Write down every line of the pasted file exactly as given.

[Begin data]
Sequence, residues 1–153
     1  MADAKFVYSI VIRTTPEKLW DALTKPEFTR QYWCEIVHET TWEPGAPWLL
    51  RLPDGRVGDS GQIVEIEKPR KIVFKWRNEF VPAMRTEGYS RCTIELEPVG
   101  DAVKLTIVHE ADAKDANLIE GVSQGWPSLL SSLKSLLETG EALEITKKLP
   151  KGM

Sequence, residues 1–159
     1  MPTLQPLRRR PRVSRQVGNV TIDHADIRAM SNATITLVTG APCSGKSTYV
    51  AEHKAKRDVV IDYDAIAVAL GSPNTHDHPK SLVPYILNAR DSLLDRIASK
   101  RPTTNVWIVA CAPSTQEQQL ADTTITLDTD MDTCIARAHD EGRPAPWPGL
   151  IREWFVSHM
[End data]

Sequence, residues 1–153
     1  MADAKFVYSI VIRTTPEKLW DALTKPEFTR QYWCEIVHET TWEPGAPWLL
    51  RLPDGRVGDS GQIVEIEKPR KIVFKWRNEF VPAMRTEGYS RCTIELEPVG
   101  DAVKLTIVHE ADAKDANLIE GVSQGWPSLL SSLKSLLETG EALEITKKLP
   151  KGM

Sequence, residues 1–159
     1  MPTLQPLRRR PRVSRQVGNV TIDHADIRAM SNATITLVTG APCSGKSTYV
    51  AEHKAKRDVV IDYDAIAVAL GSPNTHDHPK SLVPYILNAR DSLLDRIASK
   101  RPTTNVWIVA CAPSTQEQQL ADTTITLDTD MDTCIARAHD EGRPAPWPGL
   151  IREWFVSHM